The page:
It's common to see intense lightning during the eruption of a volcano. Scientists have long puzzled over why sand grains and other small particles can build up electrical charges as they collide with one another, sometimes to the point of discharging lightning in dust storms or plumes of volcanic ash.
The scientists now believe that volcanoes can produce two kinds of lightning during an eruption. The first type, which has been understood for some time, occurs in the volcano's smoke plume a few minutes after the eruption ends. In this case, highly energized hot air and gases clash with the cool atmosphere, creating the sort of organized, branched lightning found in a thunderstorm.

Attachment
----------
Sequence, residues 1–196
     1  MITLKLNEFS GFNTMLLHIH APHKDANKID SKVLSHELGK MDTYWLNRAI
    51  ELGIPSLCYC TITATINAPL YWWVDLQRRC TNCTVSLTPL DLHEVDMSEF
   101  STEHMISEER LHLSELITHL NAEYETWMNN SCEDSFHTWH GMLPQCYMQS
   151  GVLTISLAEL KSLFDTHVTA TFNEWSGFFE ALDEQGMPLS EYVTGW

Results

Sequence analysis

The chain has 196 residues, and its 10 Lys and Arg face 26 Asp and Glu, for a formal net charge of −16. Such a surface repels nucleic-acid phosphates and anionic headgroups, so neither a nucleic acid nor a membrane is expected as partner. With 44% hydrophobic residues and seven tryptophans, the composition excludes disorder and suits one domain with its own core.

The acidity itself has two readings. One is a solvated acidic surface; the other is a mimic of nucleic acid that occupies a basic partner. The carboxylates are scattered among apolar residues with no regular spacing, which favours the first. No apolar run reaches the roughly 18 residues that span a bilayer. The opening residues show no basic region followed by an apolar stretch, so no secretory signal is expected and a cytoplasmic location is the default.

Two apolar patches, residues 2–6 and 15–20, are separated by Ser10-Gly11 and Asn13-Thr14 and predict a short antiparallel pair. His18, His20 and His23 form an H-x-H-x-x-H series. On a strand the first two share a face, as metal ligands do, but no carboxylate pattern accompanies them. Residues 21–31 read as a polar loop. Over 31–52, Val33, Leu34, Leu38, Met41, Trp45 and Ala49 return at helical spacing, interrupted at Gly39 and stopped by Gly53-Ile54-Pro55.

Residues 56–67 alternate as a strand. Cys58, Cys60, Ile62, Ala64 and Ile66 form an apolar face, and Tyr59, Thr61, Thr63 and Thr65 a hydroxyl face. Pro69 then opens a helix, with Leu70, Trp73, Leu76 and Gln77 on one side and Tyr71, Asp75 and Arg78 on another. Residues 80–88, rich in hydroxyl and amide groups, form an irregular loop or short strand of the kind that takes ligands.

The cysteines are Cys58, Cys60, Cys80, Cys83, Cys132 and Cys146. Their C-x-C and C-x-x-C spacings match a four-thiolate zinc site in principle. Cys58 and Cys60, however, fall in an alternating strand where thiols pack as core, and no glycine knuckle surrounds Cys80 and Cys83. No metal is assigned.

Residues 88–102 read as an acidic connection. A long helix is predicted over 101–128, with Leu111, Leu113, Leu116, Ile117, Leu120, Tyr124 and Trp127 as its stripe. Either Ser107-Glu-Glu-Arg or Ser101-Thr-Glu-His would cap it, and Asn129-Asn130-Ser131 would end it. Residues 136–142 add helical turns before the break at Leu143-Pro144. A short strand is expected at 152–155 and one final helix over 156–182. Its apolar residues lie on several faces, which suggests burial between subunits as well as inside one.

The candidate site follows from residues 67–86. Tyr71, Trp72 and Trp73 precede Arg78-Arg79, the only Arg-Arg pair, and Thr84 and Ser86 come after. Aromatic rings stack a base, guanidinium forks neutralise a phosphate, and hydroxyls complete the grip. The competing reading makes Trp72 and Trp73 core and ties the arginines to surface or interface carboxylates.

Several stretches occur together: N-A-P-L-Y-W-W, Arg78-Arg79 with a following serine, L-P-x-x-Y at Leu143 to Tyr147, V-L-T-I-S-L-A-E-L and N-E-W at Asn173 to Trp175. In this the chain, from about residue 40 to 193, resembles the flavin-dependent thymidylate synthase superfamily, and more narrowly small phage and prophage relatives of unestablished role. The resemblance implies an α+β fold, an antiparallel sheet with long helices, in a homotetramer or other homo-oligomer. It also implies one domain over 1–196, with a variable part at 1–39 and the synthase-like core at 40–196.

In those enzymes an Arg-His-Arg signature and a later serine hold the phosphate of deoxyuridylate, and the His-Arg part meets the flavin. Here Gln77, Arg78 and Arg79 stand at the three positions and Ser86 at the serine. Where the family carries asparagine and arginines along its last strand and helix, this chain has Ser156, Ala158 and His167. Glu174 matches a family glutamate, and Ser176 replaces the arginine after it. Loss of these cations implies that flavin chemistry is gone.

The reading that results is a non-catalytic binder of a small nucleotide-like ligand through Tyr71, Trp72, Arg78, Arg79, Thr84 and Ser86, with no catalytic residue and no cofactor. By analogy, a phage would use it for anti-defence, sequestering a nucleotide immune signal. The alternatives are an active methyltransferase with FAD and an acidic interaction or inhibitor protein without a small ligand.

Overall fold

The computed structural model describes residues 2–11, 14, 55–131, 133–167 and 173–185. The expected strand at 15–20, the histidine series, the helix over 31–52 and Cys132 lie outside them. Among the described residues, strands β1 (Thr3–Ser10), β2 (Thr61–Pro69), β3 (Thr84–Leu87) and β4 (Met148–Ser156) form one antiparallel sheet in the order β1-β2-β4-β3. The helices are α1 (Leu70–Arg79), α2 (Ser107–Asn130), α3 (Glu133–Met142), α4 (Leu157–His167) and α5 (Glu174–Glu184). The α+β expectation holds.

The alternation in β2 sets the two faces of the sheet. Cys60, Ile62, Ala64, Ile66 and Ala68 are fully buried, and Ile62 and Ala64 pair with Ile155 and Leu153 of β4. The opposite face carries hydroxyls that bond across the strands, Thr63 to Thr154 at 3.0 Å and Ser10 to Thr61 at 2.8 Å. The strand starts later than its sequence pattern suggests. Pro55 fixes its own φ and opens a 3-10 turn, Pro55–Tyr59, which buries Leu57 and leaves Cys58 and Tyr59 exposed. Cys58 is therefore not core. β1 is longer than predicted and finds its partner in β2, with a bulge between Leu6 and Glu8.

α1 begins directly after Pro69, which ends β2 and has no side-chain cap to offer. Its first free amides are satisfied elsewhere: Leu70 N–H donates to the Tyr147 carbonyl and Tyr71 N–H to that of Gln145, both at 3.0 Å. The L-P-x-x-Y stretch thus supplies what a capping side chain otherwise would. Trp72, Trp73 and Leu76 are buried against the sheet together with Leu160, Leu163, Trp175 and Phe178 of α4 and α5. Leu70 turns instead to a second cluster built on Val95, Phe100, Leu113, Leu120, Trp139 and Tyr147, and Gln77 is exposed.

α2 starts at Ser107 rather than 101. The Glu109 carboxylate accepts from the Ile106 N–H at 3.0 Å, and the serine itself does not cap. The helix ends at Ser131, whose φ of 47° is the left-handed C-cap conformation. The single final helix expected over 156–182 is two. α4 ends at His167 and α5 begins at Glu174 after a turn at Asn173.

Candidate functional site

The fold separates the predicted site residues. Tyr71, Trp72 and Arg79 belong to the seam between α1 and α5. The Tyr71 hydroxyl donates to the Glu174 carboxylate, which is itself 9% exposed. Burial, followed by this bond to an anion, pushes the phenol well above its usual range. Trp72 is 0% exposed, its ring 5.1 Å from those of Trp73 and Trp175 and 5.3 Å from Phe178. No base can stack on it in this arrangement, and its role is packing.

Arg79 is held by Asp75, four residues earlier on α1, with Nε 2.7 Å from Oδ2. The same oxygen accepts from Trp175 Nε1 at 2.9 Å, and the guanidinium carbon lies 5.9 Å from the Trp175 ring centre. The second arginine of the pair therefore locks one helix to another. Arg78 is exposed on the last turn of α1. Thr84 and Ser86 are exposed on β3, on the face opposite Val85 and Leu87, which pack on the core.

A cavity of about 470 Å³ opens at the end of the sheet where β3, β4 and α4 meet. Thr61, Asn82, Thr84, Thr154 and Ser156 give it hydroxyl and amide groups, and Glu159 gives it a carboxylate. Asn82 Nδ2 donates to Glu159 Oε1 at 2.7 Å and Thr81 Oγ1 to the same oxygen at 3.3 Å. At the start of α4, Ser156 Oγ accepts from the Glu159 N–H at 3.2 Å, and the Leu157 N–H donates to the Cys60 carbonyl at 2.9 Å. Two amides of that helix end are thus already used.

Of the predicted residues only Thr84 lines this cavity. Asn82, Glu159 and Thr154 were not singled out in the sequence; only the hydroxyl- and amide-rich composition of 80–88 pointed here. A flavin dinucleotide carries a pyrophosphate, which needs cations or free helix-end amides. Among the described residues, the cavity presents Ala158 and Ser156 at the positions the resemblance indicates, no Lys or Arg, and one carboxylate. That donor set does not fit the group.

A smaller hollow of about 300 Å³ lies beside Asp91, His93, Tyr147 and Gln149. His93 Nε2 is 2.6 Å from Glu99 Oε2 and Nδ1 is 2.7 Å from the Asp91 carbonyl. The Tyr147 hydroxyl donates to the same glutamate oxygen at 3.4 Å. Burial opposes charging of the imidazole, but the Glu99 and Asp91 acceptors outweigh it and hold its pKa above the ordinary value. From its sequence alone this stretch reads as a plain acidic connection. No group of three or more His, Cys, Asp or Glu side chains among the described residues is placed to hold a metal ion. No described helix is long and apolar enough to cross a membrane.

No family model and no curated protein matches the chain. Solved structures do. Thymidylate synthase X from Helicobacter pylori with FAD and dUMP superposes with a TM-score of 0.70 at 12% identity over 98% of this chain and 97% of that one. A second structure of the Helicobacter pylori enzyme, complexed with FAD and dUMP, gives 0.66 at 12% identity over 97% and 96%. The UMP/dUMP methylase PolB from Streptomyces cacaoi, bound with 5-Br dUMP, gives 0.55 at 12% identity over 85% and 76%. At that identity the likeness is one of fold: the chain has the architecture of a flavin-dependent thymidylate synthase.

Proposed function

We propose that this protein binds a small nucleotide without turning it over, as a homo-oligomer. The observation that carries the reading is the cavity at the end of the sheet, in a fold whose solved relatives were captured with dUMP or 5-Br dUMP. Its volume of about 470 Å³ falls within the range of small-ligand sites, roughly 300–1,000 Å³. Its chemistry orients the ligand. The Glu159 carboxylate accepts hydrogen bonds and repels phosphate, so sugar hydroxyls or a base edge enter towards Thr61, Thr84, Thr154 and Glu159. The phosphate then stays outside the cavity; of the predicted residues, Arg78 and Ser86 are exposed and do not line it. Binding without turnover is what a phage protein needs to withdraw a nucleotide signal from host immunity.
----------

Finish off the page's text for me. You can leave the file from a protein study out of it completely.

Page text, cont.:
The second kind of lightning, which the authors called a newly identified explosive phase, came as a surprise, as magma, ash and rocks spewed carrying great electrical charge, they created continuous, chaotic sparks near the mouth of the volcano.
Not all volcanic eruptions produce lightning, but the new equipment might be used to track the ones that do particularly those in remote regions. Often used to detect forest fires, the equipment picks up radiowaves caused by lightning. Researchers can then work backward to pinpoint the time and place of the lightning.
These photos are from volcanoes from all over the world.
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